Joseph Peterson dives into last month’s sales on’s aftermarket platforms.

Image that says Top Domain Sales with NameJet and SnapNames logos

Yesterday, I published a quantitative comparison of NameJet sales in December 2019 compared to 2015.  Now let’s look at what sold last month, including both NameJet and SnapNames.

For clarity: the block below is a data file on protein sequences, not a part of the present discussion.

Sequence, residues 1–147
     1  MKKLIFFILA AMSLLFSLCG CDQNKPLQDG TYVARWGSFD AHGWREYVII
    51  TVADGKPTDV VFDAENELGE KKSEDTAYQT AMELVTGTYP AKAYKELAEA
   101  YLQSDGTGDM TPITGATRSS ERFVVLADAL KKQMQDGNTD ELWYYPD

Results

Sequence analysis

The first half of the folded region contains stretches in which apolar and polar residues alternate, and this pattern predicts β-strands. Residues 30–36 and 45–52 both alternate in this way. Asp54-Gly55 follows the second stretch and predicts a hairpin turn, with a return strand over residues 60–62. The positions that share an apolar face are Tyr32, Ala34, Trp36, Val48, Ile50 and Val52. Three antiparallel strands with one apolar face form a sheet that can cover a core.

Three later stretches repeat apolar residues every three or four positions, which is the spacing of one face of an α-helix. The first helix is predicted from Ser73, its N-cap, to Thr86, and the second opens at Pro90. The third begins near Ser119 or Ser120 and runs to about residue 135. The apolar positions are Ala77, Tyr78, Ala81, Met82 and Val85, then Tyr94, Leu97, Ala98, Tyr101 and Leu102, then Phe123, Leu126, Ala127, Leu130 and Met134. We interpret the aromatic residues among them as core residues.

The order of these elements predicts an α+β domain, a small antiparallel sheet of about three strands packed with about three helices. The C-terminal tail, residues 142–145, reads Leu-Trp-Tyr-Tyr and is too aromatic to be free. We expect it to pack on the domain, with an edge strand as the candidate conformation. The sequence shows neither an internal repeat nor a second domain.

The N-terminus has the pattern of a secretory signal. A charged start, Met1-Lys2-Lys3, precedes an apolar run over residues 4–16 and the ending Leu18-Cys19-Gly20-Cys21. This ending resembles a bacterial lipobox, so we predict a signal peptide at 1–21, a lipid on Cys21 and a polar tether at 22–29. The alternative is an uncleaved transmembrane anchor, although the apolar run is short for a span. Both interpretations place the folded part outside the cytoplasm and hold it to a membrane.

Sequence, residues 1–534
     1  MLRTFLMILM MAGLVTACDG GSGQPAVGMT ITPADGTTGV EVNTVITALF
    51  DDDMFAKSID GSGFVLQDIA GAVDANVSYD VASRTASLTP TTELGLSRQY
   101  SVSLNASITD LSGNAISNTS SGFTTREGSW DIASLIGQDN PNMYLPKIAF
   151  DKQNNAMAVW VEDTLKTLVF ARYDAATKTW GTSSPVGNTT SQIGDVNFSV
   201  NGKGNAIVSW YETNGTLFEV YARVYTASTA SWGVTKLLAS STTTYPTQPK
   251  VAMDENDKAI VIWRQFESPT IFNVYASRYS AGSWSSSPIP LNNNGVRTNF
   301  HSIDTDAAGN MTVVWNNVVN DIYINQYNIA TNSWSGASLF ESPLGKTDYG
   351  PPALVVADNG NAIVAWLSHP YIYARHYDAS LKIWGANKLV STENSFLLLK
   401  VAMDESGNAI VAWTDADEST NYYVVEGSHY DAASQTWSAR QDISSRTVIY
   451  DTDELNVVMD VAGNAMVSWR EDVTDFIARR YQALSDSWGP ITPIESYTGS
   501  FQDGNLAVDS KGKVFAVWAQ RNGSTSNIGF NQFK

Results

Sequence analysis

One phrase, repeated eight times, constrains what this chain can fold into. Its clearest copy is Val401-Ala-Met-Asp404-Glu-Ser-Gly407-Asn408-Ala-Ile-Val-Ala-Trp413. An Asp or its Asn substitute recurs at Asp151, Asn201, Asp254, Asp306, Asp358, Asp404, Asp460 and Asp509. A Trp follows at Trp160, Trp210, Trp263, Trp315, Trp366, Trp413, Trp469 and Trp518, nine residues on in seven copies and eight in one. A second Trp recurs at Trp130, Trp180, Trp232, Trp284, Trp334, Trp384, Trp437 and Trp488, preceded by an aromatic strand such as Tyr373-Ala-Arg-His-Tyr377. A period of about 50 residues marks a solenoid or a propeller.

The top sale – ($23.1k) – is a bit surprising … and in more ways than one.  Of course, 2-word .ORG domains don’t usually rake in so much green.  Seldom do they top the sales charts.  But marijuana (a.k.a. “weed”) is both a cash crop and a burgeoning industry, now that legalization is so widespread.  Arguably .ORG has a certain cachet for a medical cannabis dispensary, due to its associations with non-profit projects.  Still, it’s a curious fact that the matching .COM sits parked, un-utilized.  Did the bidders try to buy it?  What would they have paid?  More?  Or does this aged .ORG have its own special benefits – back-links for SEO perhaps.  It has been a developed website since 2001.  But – surprise! – it began as CIPM, the Center for Invasive Plant Management – literal weeds, not weed at all. ($20.0k) was the runner up.  All of us in the domain industry interact with name servers; so we’re probably more interested in the future of this domain than the average bloke.  It will be interesting to see how it’s put to use.   With something like ($10.0k), there is no mystery.  We all know what the project is, purely from the name, even if it doesn’t yet exist.   In a sense, that’s true of ($16.0k) as well.  There may be no advertisers competing for paid clicks in SERPs for that term, but anybody facing heart surgery – their own or that of a loved one – might well do some online research.  And manufacturers of these expensive, life-saving devices might want to use this authoritative domain to manage public perception regarding their product.